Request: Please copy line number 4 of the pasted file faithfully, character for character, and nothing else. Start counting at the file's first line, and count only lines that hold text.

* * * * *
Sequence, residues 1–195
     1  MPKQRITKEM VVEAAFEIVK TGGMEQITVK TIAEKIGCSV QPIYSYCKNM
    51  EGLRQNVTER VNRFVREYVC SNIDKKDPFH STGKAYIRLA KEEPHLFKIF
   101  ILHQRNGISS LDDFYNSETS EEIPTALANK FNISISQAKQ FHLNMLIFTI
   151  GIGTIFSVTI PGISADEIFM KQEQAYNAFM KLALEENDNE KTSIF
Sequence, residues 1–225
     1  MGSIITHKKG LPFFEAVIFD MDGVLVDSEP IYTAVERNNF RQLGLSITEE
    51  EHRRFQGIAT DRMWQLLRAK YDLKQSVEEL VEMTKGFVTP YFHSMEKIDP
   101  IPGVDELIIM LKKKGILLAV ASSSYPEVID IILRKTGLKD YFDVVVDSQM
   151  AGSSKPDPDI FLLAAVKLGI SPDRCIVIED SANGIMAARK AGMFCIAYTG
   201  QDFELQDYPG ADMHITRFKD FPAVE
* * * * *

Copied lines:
   101  ILHQRNGISS LDDFYNSETS EEIPTALANK FNISISQAKQ FHLNMLIFTI